Surf: Going Large On The Fly - The Fisherman

Surf: Going Large On The Fly

surf-bass
Big surf bass don’t come easy on the fly.

Hooking large bass on the fly requires ‘all-in’ dedication, regular practice and, maybe just a little, luck.

The idea of catching a large striped bass is almost mythical for those dedicated exclusively to the long rod. It’s a lofty goal, catching a cow striper. Limiting yourself to where you can get to on foot already decreases the odds. Reducing the water you can cover down to what you can reach with a fly cast decreases the odds even further. Sometimes it starts to feel like a pipe dream, with endless fishless nights piling up. Friends share photos of large bass they caught casting plugs while you toil away trying to just get that one fish on the fly. There are just a handful of ways to improve your odds.

Perhaps the largest handicap to fly fishing the surf is casting distance. Most fly casters can’t turn out much more than 70 feet of line. Improving your casting can put you a few steps ahead. Maximize efficiency; make fewer false casts and put the most power into the final haul and forward stroke. Experiment with different lines as well, each rod and caster has their own sweet spot. Practice harder than you think you need to. That said, even the best fly casters in the world can’t really hold a candle to even an average cast with a surf rod. It’s often best to narrow your focus to locations where the fish will be within reach. Though it isn’t really the default, cow bass will occasionally close the gap and be right at your feet, or at least make their way within the range of a 90-foot fly cast.  Certain shore structures and situations make bigger bass more comfortable in the shallows and in tight. Quick, easy access to deep water, strong current, and the presence of abundant and large bait are all key factors.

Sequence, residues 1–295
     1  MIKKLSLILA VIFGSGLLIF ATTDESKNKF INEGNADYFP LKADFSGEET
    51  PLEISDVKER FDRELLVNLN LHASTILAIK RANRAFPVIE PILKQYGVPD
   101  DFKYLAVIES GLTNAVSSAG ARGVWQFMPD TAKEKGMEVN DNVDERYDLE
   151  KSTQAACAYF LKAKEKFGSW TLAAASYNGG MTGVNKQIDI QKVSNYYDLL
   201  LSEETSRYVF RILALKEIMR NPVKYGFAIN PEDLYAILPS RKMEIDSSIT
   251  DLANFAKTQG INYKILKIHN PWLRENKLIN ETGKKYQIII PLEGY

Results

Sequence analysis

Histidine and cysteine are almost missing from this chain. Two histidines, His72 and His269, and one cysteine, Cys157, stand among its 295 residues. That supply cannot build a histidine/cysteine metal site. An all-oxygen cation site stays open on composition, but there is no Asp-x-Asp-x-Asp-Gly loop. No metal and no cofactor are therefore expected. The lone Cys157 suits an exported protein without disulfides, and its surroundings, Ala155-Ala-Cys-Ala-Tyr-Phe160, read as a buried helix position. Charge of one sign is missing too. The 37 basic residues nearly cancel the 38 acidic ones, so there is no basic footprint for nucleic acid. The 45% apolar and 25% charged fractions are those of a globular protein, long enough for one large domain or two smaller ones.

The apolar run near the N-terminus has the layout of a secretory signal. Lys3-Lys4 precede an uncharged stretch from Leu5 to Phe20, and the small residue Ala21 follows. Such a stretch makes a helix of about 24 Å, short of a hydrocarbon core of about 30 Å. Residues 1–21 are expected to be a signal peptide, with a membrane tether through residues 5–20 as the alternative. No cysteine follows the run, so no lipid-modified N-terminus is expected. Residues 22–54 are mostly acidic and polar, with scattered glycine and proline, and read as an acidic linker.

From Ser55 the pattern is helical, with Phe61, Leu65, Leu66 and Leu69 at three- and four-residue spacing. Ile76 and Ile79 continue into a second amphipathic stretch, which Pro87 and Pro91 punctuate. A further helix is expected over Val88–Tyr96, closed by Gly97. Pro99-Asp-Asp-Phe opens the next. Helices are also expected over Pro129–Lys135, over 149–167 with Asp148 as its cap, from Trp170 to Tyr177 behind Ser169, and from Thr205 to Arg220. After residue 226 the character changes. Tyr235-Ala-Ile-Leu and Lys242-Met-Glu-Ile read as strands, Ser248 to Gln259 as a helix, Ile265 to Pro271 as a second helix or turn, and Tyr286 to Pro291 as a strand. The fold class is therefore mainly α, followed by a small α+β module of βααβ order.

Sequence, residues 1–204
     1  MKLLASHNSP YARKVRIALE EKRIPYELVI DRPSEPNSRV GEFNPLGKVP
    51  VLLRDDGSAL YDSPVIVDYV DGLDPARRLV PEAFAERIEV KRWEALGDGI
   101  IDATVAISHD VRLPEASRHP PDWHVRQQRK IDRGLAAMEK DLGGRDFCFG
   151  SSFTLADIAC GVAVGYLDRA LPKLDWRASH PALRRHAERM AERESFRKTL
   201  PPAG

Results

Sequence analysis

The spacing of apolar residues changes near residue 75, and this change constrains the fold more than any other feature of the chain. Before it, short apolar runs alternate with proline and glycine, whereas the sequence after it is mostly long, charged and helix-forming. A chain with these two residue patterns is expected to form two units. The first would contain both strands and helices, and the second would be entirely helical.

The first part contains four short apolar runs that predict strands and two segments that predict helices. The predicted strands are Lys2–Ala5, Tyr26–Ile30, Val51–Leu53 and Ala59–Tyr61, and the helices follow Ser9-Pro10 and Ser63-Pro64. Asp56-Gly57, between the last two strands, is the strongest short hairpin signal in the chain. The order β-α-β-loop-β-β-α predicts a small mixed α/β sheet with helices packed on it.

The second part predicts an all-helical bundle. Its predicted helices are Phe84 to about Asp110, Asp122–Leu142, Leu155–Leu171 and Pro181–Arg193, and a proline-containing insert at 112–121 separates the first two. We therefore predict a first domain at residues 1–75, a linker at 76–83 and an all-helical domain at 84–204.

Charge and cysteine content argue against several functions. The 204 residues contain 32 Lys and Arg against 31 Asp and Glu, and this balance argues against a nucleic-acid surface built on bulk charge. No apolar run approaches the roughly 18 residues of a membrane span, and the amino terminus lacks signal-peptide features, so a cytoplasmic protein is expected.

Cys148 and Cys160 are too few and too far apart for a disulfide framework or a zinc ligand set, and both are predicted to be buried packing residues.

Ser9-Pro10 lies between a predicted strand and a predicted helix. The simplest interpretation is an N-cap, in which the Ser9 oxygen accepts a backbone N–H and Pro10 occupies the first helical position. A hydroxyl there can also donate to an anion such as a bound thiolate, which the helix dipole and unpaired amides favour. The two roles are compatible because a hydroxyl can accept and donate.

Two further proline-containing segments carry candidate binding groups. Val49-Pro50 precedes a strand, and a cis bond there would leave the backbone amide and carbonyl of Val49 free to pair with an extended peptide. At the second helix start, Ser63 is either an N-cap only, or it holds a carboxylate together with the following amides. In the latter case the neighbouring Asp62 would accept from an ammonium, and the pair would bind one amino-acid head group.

Focusing specifically on large bait is a quick way to shorten the curve. Fly casters love small bait, easily imitated with small and simple flies that are easy to cast. But big bass are often looking for more bang for their buck. River herring, bunker, squid, Atlantic mackerel, snapper bluefish, and Atlantic herring all draw large bass. Putting together the conditions that drive these large baits against a shoreline is key, because they need to be almost at your feet. Fly casting in heavy wind and surf can be immensely intimidating, but can also prove fruitful when wind and tide push large bait tight to the shoreline. The behavioral patterns of those baits, such as spawning or feeding, can also drive them into shorelines, rivers, or over flats. Logging data and observations on each outing will allow these patterns to clarify.

The flies themselves are, unsurprisingly, an important aspect. The hooks they are tied on need to be strong and ‘sticky sharp’. There’s no reason to leave a dull-hooked fly on. It’ll surely lose purchase in that crucial moment when a cow takes the fly. Gamakatsu sl12s and Owner Aki’s are some of the best hooks to tie big bass flies on. Flies such as Sedotti’s Slammer, Popovics’ Bulkhead Hollow Fleye, Tabory’s Snake Fly, and large Game Changers have broad utility matching large baits. It’s important to carry a good variety of flies big and small, though, as the very night you’re expecting to catch on big flies will be the night there’s a crazy frenzy on cinder worms. Expect the unexpected, big bass do odd things.

How the fly acts in the water is almost more important than the pattern itself. In daylight, erratic action is often very effective. Rather than a steady two hand retrieve of even cadence strip, try making very long, fast strips with pauses. Make the fly dart wildly and act unpredictably. At night the polar opposite is often best. Rather than stripping at all, find the current and swing your fly. The current itself does all the work. Big bass are often lazy and won’t over-analyze the fly like they sometimes do in daylight. The slower the fly moves, the better. If the current isn’t strong enough to swing, make retrieves deathly sluggish. It often seems tedious, but when that once-in-a-lifetime fish breaks the monotony it suddenly feels right. Set the hook and set it hard.

Perhaps the biggest thing you need to remember is that this is never going to be easy. You have to commit, you can’t be half in. Pick up an 11 or 12wt and a wallet of big flies and then hunt until the goal is accomplished.

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